“Yeah, and we’re more likely to be caught for stealing that bottle,”—She jerked her chin over her shoulder at the bottle on the desk—“than we will be for taking back one of the bottles that were confiscated from the Quidditch Victory Party.”

Nick narrowed his eyes, “Another quick question for you… we’re only taking the one bottle?”

Kelly looked a little sheepish.

“Okay, fine, maybe…” She shrugged her shoulders, inclined her head, “Maybe two or three.”
Nick smirked, releasing her hand. “Now you’re talking sense.”


It took Kelly eleven-and-a-half-minutes to crack the safe combination. It took Nick sixteen and a half minutes to sneak into Slughorn’s store cupboard (using the key he’d filched from his Head of House’s robes two weeks ago, replicated and replaced for future access to the Potion Master’s Stores), find the vanilla pods and nutmeg seeds, and get back to the kitchens, where Kelly was waiting with the rest of the ingredients.

With a demonstration from the house elves, they made three batches of eggnog, one with brandy, one with rum, and one with firewhiskey, since they had stolen three different bottles from Professor Underwood’s hoard. Nick whisked th egg-whites whilst Kelly applied the chilling charms to the bottles with the eggnog mixtures in them.

Then they returned to the Hufflepuff Common Room, cranked the wireless up loud, and got drunk. It was a good thing they had the common room to themselves, the younger students staying on in Hufflepuff having elected to have a sleepover up in Gryffindor Tower. They were both dancing on the coffee table by the middle of the fifth song in the midnight broadcast.

“I am their only child! I am the sole inheritor to their multimillion galleon net-worth. The last of the Croaker bloodline. And the last time I had a conversation with them that lasted longer than five fucking minutes was when I was twelve and I told them: I. Had. Lupus!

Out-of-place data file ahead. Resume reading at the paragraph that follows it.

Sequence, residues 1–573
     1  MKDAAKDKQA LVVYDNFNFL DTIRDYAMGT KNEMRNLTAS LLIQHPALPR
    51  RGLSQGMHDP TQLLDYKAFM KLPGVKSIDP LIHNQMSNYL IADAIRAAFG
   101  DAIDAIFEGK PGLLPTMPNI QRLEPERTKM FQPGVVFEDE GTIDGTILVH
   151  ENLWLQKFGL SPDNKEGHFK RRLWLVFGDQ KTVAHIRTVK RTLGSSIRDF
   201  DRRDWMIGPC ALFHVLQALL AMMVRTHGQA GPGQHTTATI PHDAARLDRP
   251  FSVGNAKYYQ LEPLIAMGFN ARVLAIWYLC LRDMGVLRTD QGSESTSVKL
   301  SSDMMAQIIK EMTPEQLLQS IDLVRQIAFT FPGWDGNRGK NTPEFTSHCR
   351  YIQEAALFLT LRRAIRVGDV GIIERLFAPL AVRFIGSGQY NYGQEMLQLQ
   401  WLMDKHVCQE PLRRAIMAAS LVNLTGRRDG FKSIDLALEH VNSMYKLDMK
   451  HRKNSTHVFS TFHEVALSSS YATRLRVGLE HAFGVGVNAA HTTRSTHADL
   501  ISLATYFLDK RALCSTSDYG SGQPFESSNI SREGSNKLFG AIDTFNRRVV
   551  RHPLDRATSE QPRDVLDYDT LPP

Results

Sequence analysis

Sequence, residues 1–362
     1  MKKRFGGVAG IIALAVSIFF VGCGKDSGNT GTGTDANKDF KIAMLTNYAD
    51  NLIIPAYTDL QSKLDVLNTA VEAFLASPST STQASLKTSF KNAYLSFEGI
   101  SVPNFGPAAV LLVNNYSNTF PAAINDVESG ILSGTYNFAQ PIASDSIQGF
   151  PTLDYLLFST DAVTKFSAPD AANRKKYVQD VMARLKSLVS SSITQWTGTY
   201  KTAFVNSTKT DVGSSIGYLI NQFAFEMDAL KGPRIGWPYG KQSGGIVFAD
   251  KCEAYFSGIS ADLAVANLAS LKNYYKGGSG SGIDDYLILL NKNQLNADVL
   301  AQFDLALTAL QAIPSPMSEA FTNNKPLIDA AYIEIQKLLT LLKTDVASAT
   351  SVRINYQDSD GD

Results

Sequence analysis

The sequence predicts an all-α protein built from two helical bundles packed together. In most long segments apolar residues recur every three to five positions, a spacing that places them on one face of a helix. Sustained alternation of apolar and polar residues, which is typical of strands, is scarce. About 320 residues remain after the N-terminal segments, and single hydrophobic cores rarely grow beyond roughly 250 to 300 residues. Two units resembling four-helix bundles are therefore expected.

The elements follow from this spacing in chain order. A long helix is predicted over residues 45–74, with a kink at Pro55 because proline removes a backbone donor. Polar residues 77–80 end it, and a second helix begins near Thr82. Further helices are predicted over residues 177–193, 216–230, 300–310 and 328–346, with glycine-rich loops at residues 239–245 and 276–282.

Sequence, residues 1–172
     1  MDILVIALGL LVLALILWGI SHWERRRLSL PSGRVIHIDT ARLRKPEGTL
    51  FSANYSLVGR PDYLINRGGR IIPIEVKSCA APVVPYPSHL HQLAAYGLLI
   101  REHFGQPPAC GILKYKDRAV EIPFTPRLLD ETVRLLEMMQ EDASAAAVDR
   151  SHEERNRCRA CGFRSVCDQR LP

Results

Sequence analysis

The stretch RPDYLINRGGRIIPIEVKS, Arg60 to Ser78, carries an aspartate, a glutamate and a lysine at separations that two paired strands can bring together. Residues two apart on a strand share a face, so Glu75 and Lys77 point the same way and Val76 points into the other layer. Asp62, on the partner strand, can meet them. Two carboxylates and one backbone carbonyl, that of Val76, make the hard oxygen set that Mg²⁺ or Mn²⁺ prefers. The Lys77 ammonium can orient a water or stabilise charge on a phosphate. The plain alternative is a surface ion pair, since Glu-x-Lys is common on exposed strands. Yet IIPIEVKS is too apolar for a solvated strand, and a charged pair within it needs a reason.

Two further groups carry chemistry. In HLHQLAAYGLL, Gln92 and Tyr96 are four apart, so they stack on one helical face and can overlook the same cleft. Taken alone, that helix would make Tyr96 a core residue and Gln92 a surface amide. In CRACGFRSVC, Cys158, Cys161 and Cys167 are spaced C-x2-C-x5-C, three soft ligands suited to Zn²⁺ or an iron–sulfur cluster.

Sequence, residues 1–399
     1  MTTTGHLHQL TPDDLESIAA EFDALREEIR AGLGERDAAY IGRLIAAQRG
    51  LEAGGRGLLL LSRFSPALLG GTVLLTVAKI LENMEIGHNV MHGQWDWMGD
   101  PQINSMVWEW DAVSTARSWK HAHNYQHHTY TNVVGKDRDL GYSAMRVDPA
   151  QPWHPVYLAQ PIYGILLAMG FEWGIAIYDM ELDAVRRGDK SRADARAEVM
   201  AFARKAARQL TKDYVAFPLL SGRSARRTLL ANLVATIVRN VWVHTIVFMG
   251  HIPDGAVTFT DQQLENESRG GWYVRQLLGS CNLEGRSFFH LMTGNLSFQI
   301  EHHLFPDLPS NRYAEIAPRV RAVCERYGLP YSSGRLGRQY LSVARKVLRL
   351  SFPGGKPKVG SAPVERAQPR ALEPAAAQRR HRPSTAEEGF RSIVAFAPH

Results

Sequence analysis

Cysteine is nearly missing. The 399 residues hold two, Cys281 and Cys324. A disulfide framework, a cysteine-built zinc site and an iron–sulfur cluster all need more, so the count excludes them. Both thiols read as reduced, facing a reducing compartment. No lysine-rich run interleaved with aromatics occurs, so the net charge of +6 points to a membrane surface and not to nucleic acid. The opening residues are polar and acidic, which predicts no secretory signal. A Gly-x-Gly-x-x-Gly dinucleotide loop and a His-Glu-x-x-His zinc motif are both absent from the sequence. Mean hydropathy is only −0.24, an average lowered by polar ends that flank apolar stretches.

“I am desirable! I look hot in jeans! Hell, I look hot in school robes! I can do hot in my sleep! I can do that! I can do a lot of things! I can read Ancient Egyptian Hieroglyphics! Fluently! I can hold my breath underwater for eight-minutes-and-thirty-four-seconds! I can change my appearance at will! At will, I tell you! I can even kiss him in the middle of Hogsmeade for forty-three seconds and still… nothing!”

“She wants me to be nice again! Nice? Again? I was never nice! Nice is boring, nice is tedious, I would never date nice! Not if you paid me. And it’s not like she’s nice… She’s kind, and she’s wonderful, and her hair smells like honey and cocoa butter and her eyes do that thing they do when she smiles… but that is not the point! The point… What is the point?… The point is that she is using the wrong definition, and expecting me to follow the rules of her language, when her translation is faulty!”

“Stuck in Malawi, my arse! He’s met a bird! I know he’s met a bird… possibly a bloke,  never been quite sure with Rhys… but there’s no way he’s stuck in Malawi over Christmas — its way too convenient to be true. And he sent jewellery! Jewellery! I’m lucky if he sends a postcard, let alone a present, and he sent jewellery?! Nice jewellery, too! He’s not stuck. He is out there having the time of his fucking life, he is.”
The song ended and Nick hopped down from the table, spinning the volume dial down to background level as the broadcaster’s voice came back on for a few moments. He rolled over the back of the sofa and onto the floor, slouching back against the seat cushions.